USA: Yes - on arrival
Visas can be organised either in advance or on arrival. Check with your embassy or consulate and allow approx 3 weeks for processing. It is also possible to obtain your Cambodian visa on arrival at the airport or border crossing for approx. US$25 (cost subject to change) - you will need a passport photo.
If a point of contact is requested, please write: Freedom Hotel, Road #6, Siem Reap, Cambodia.
Australia:Yes - on arrival
Belgium: Yes - on arrival
Canada: Yes - on arrival
Germany Yes - on arrival
Ireland: Yes - on arrival
Netherlands: Yes - on arrival
New Zealand: Yes - on arrival
South Africa: Yes - on arrival
Switzerland: Yes - on arrival
United Kingdom: Yes - on arrival
USA: Yes - on arrival
We ask all our travellers to obtain their Laos visas at the border, and NOT in their home country. Your tour leader will assist you in obtaining a Laos visa, generally at the border, depending on the current state of affairs, as it can vary.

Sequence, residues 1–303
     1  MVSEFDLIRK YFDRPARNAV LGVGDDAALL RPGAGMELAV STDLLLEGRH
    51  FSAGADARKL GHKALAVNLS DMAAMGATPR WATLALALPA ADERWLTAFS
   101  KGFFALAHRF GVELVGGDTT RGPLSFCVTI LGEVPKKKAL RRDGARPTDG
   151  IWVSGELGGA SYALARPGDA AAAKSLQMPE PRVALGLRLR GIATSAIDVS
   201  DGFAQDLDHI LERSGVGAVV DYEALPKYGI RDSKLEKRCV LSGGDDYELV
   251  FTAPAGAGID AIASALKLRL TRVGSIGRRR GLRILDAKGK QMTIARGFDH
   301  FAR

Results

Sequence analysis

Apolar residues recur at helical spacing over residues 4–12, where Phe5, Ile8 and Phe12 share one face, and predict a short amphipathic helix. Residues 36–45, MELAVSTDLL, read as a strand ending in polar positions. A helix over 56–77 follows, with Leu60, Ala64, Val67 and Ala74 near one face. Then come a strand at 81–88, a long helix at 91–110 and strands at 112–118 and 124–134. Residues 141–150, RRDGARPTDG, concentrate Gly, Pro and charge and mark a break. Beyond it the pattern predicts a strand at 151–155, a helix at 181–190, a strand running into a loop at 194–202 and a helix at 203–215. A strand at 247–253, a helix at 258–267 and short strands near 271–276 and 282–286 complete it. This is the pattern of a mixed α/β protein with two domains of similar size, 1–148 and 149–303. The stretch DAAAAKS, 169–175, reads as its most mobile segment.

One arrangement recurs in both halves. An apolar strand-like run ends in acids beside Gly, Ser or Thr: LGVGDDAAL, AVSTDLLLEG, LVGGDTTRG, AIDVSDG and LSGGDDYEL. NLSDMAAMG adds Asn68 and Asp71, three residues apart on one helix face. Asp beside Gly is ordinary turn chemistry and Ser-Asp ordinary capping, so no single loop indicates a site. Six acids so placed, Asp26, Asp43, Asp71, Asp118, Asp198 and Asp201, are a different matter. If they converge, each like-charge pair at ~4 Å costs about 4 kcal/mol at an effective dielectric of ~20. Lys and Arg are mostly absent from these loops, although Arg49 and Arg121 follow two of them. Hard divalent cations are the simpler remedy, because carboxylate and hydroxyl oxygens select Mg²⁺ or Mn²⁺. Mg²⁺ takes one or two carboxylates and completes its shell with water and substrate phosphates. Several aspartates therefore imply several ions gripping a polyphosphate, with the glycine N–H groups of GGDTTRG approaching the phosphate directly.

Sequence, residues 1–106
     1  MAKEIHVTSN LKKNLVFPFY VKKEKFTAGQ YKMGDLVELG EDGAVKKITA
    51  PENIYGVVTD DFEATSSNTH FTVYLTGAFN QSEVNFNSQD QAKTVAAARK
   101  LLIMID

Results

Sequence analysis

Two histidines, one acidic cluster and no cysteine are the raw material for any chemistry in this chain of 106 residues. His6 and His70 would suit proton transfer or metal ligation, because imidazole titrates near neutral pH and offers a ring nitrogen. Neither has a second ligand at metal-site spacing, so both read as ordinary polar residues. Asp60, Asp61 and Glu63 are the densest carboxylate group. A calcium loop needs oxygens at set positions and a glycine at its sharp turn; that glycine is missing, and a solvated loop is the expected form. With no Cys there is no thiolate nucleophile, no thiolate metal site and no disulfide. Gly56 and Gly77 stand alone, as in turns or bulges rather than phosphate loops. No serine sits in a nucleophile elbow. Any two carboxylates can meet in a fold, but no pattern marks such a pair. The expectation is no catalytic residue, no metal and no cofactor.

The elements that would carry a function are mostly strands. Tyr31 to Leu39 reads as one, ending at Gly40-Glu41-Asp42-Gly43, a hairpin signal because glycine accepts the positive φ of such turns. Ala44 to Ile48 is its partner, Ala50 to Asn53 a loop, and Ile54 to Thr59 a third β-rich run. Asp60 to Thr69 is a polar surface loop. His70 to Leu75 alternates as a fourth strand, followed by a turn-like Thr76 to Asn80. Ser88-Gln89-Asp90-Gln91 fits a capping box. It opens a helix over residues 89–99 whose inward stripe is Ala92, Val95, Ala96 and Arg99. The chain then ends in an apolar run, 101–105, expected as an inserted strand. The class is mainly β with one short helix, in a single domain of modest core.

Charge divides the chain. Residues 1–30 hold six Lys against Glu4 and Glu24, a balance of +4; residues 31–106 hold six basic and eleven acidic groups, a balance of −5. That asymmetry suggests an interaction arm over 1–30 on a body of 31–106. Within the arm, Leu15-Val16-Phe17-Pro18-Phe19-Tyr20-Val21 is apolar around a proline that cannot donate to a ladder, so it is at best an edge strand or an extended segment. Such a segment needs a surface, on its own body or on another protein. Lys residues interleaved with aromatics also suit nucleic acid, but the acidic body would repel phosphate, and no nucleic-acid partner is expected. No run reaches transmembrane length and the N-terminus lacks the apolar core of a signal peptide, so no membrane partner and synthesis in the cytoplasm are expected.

Please ensure that you have 3 passport photos and up to US$60 cash (this may vary too) to fulfil the requirements. There will also be an Immigration Fee of LAK5,000. To assist us in processing your Laos visas, please provide your agent with accurate passport details prior to the departure of your trip as these details will be passed on to our leader.
When crossing the border you will most likely see a lesser entry fee than what you have paid. This is due to the leader having to use a local agent to process the visa which allows the group to cross the border as quickly as possible.
CHINA (DRAGOMAN OVERLAND):